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What the Presidential Elections of 2016 mean for us

From the Editors  |  Issue: July | August 2016
political rally in favor of Bernie Sanders

Residents of Flint, Michigan at a political rally in favor of Bernie Sanders, demanding that the contaminated water problem be fixed.
PHOTO: Adrian C. Garcia


As the election approaches, our Tribuno audience faces difficult choices. After eight years of failed promises for immigration reform, do we support Hillary Clinton just because Trump, the Republican candidate, seems so bad?

Advanced technology and globalization are wiping out millions of jobs, both in the home countries of immigrants and in the U.S. Wages for those still working are driven down to starvation levels. Millions are homeless. Half of the U.S. population lives in poverty — not just immigrants, but also U.S. born workers.

The economic crisis and destruction of human lives rooted in labor-replacing technology is destabilizing the country and the world. The existing system can no longer provide basic necessities to millions whose labor is not needed. Besides the victimization and attacks on these workers, as police killings and pogroms against the homeless show, the immigrants are being used as scapegoats.

Under the guise of bankruptcy, state-appointed “emergency managers” privatize public property, violate civil rights in the name of “fighting terrorism,” subject our youth to police violence, imprison millions including immigrants and attack our voting rights. The government is targeting activists, including DACA and DAPA immigrant youth, by bringing false charges against them.

Many workers, even including some Latinos, have been misled into seeing Trump as representing the hope of jobs coming back. But his campaign is actually helping to build a fascist social movement whose purpose is to divide and control all workers, including the white and U.S. born workers, while keeping the corporations in power.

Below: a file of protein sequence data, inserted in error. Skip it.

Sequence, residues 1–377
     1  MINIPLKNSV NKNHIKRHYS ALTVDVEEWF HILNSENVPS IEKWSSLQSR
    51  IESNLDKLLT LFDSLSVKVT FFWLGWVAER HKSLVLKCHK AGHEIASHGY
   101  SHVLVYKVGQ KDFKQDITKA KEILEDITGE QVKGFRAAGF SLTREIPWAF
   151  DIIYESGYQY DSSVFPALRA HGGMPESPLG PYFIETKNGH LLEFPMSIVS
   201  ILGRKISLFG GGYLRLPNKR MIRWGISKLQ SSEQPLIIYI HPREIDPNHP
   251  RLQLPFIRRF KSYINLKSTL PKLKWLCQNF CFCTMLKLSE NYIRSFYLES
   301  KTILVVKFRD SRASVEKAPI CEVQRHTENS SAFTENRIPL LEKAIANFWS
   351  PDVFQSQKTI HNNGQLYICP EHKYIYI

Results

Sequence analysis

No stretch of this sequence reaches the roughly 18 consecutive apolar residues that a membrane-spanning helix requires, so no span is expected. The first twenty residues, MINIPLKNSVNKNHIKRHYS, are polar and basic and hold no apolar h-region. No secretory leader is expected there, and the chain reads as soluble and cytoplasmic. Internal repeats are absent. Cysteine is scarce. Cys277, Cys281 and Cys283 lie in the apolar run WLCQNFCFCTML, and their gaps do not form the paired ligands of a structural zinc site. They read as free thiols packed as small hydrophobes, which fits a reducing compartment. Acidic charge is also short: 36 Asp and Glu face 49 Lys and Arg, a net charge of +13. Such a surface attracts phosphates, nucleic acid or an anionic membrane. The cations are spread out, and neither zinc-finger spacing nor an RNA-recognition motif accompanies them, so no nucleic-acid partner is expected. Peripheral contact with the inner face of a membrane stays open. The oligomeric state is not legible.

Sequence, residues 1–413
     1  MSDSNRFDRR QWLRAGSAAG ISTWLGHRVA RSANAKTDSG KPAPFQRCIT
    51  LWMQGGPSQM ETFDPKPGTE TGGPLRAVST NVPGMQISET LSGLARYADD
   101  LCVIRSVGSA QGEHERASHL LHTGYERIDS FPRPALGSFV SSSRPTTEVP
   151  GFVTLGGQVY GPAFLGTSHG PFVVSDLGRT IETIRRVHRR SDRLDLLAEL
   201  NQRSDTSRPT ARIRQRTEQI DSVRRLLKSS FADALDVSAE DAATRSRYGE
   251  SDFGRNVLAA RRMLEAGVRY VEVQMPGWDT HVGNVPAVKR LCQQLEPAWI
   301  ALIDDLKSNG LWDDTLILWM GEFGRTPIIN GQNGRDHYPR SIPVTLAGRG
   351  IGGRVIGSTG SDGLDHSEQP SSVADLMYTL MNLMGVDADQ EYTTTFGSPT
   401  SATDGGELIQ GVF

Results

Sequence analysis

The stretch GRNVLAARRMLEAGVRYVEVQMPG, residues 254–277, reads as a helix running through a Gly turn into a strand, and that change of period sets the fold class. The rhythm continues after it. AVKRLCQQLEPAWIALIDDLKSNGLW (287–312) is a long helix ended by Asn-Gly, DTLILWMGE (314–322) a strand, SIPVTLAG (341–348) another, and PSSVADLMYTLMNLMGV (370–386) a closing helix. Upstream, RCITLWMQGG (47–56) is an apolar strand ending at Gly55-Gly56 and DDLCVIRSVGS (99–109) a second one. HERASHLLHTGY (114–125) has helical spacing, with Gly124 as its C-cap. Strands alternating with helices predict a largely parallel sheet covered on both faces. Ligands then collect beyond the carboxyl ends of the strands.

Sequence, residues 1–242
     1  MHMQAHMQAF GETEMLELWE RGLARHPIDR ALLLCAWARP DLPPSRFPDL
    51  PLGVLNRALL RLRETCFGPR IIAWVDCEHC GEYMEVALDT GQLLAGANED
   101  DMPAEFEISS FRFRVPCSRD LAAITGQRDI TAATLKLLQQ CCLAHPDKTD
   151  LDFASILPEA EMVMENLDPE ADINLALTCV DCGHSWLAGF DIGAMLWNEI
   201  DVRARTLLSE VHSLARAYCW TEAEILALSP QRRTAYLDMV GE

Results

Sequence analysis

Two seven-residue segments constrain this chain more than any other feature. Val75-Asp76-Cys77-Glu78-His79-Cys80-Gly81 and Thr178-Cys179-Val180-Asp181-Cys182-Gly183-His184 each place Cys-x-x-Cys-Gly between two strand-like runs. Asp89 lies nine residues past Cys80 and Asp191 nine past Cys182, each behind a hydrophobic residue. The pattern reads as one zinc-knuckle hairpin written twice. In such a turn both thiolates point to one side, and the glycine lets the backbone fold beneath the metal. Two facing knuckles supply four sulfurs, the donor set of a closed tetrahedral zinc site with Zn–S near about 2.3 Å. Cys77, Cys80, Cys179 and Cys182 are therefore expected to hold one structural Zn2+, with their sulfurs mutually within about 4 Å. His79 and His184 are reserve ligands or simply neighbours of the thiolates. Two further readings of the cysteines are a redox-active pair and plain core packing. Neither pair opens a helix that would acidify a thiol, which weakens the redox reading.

A large section of the working class has used the Sanders campaign as a vehicle to fight for its demands for food, housing, health care, education and more. The rising demand that the government be taken away from the billionaires and that its power be used to resolve the people’s problems, and the open discussion of socialism prompted by the Sanders campaign, are important. This opens the way for discussion about what it will take to reorganize our society in the interests of all of humanity.

While there is no question that Trump must be defeated, the reality is that the Democratic and Republican parties are twin parties of the corporations. Worse still, the Democrats are liars and thieves. Not only did they not deliver on immigration reform, Obama deported more immigrants than the Republicans. For a very long time, the Democrats have not been the party of the poor and minorities that they claim to be. Hillary Clinton, the favored candidate of the Democratic establishment, has received at least half a million dollars for speaking to Wall Street banks. In leaked transcripts she promised not to do anything major that goes against corporate interests.

The significance of this election lies in the unprecedented nature of our times, and that a section of the working class has taken a step, through the Sanders campaign, towards declaring its political independence from the ruling class parties. The effort to push this independence forward must continue now and after the election.

Revolutionaries can advance this process by putting forward the demand that the government guarantee the basic needs of all, including immigrants. We need to form our own party, through which we can make a real fight for a society where the abundance produced guarantees peace and prosperity for all, in a country that is of, by and for the people.

In the setting of globalization, workers have no country. It is time that we look for ways to unite as a class whose interests are opposed to the corporate power that threatens our world and humanity.

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